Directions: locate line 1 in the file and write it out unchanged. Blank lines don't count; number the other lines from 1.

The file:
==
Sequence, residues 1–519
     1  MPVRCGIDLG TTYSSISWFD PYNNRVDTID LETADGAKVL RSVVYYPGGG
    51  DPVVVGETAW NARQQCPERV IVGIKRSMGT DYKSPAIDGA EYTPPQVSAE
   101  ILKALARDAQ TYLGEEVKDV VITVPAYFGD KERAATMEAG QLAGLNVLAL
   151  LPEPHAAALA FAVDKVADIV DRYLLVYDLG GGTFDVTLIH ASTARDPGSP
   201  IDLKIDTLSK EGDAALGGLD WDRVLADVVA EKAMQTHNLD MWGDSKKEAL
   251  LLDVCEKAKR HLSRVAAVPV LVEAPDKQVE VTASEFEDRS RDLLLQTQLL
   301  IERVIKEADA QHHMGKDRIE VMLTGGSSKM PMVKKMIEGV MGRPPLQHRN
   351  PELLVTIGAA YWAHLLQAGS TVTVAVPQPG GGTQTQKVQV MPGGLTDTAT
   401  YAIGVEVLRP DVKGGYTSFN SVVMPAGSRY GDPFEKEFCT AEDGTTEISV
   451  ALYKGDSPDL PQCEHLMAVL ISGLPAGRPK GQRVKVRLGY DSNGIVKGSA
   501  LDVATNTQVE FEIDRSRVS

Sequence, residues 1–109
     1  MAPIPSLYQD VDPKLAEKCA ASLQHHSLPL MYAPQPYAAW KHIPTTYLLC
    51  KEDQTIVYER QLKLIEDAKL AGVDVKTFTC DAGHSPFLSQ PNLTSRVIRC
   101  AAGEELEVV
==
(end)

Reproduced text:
Sequence, residues 1–519